Such “localism” requirements as the main studio rule, the public file rule and the quarterly issues/programs list will also likely continue to be important enforcement areas.
Tell the truth
Once a complaint is filed against you, or the FCC does begin investigating you, the single most important thing you can do to help yourself is to be forthcoming and tell the truth. Companies under investigation for relatively minor offenses can get themselves in much worse trouble by trying to hide the facts or lie.
Leaving morality aside, there’s a reasonably good chance you are going to get caught. When you do get caught, you are going to be in deep trouble, with your licenses potentially at risk. So be responsive and be honest.
In addition to providing a truthful and complete response to the FCC’s inquiries, you should also use the investigation as an opportunity to put forth your best legal and policy arguments against enforcement action. While it’s never a good thing to be investigated by the FCC, if it happens, you should take every opportunity to present your best case and not simply respond to the questions directed to you by the commission.
The Enforcement Bureau staff will read carefully what you provide. If you have a good case and present it well, you will prevail.
Think ‘Consent Decree’
If it looks like the FCC may be heading toward a proposed forfeiture (or, even worse, a revocation hearing), you may want to propose entering into a Consent Decree with the commission. A typical Consent Decree will not include a finding of a violation or an admission of liability.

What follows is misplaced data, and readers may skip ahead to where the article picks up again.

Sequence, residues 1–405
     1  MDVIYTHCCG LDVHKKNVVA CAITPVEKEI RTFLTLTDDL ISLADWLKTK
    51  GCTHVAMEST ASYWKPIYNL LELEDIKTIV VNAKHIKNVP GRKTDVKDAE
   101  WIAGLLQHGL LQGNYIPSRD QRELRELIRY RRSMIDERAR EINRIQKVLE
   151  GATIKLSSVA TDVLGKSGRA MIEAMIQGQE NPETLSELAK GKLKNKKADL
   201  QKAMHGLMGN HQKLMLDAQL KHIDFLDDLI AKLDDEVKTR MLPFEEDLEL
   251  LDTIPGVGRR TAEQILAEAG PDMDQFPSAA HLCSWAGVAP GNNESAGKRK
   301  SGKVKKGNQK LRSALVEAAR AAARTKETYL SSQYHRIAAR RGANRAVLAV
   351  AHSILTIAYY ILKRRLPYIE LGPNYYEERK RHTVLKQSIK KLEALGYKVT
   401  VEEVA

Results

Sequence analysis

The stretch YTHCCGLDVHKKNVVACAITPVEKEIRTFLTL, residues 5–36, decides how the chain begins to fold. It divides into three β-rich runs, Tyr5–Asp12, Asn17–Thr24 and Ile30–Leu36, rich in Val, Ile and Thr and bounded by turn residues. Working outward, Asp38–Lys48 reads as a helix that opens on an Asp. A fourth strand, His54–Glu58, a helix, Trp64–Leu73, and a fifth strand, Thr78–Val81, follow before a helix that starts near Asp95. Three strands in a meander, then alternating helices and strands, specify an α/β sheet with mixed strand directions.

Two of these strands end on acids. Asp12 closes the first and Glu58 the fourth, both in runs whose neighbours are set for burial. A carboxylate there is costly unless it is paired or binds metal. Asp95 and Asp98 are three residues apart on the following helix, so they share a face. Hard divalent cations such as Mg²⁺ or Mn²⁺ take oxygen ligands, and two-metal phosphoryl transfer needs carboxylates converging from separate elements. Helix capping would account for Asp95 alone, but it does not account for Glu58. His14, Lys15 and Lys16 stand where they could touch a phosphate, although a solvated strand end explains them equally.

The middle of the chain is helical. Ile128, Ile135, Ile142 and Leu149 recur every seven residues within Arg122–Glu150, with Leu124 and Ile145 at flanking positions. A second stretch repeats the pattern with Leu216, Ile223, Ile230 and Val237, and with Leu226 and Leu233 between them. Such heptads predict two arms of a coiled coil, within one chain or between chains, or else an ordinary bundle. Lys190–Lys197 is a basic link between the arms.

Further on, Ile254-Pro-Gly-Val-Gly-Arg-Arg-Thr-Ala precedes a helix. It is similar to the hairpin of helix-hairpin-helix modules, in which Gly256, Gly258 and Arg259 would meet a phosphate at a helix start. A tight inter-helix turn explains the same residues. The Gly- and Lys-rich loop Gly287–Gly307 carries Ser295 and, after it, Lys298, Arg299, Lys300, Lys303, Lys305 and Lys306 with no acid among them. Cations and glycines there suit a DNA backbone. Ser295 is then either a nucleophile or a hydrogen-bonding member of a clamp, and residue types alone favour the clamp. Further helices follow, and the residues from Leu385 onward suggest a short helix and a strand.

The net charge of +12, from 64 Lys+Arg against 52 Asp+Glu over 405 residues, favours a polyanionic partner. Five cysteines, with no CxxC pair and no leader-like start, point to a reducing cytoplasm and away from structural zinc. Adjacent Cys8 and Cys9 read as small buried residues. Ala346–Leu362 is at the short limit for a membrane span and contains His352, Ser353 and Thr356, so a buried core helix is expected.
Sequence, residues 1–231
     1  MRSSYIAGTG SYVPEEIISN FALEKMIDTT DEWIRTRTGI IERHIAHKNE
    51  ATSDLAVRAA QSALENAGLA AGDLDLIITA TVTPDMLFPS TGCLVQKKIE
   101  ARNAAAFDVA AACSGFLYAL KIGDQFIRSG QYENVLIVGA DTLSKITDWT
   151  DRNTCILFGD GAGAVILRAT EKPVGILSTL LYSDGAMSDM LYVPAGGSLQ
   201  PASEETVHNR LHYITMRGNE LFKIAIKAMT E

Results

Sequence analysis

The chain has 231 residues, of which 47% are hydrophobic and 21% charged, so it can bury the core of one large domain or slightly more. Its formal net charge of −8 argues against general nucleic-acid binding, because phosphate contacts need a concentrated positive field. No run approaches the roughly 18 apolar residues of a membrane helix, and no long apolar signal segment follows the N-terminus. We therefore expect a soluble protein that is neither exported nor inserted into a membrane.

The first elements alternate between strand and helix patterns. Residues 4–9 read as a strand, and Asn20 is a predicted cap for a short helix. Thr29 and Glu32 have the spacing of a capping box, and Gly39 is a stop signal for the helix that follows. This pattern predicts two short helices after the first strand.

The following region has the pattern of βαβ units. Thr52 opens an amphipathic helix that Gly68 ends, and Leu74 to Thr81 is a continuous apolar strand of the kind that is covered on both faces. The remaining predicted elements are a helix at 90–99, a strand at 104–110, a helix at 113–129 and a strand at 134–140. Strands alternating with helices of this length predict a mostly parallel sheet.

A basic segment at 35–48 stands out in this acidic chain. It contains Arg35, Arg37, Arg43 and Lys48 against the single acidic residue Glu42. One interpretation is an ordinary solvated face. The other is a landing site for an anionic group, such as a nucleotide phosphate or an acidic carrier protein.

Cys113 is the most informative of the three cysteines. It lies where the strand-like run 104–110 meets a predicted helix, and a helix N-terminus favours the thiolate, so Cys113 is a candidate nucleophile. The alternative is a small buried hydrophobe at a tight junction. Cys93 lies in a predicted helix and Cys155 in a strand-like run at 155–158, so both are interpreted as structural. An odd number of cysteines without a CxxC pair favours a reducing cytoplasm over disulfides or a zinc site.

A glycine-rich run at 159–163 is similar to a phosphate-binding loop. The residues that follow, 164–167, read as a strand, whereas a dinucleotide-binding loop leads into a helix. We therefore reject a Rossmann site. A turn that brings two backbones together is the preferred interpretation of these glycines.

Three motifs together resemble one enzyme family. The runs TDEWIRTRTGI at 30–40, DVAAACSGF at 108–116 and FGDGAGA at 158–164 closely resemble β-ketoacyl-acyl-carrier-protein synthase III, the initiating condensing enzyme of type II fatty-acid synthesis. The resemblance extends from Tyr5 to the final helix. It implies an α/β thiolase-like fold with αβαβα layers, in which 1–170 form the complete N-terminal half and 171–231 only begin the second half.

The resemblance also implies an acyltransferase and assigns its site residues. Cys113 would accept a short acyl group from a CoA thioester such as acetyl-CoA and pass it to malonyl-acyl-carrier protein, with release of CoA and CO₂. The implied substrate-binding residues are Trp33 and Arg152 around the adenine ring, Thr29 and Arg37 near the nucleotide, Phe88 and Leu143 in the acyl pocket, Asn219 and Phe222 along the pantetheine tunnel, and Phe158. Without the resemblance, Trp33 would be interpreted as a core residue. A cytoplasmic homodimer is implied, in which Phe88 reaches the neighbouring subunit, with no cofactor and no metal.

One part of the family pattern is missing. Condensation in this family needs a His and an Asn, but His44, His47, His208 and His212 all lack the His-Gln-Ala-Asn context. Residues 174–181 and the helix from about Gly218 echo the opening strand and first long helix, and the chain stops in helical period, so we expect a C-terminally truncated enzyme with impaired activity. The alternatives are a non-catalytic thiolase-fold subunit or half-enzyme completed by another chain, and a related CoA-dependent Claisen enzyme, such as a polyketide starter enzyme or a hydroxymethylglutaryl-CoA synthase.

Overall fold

The company will make a voluntary contribution to the Treasury in lieu of a monetary forfeiture and commit to certain compliance measures that often go beyond the requirements of the rule itself. The key to getting a consent decree is making clear in discussions with the commission that you recognize you had some problems and you are committed to ensuring that they don’t happen again.
Don’t be stupid
There is a lot of commission case law in the enforcement context that gives guidance regarding what arguments work and what arguments don’t work. Many broadcasters seem to be unaware of this case law or decide to ignore it. This is not a good idea.
During my tenure as chief of the FCC Enforcement Bureau, I saw many of the same old unsuccessful arguments over and over again. Some of my favorite bad arguments include those along the following lines: “We think the rule is stupid,” or “We think the FCC is stupid,” and “We think Congress is stupid,” and also “We think the courts are stupid.”
Of course, as bad as these arguments are, they aren’t as nearly bad as saying to an individual decision-maker that, “We think you personally are stupid.” I heard that one too.
It may feel good to say it; but trust me, it won’t help you.
You are also not likely to avoid enforcement action by arguing that your company is too big to ensure compliance at all its many stations, that you have a unique format that provides special public interest benefits or that you fixed the problem as soon as the commission told you about it.
As to arguments that can help you, the best I can tell you here is that you should focus on the facts, the law and any important underlying policy considerations in a clear, dispassionate and persuasive manner. And, to return to where I started, the more you can say about your compliance efforts the better.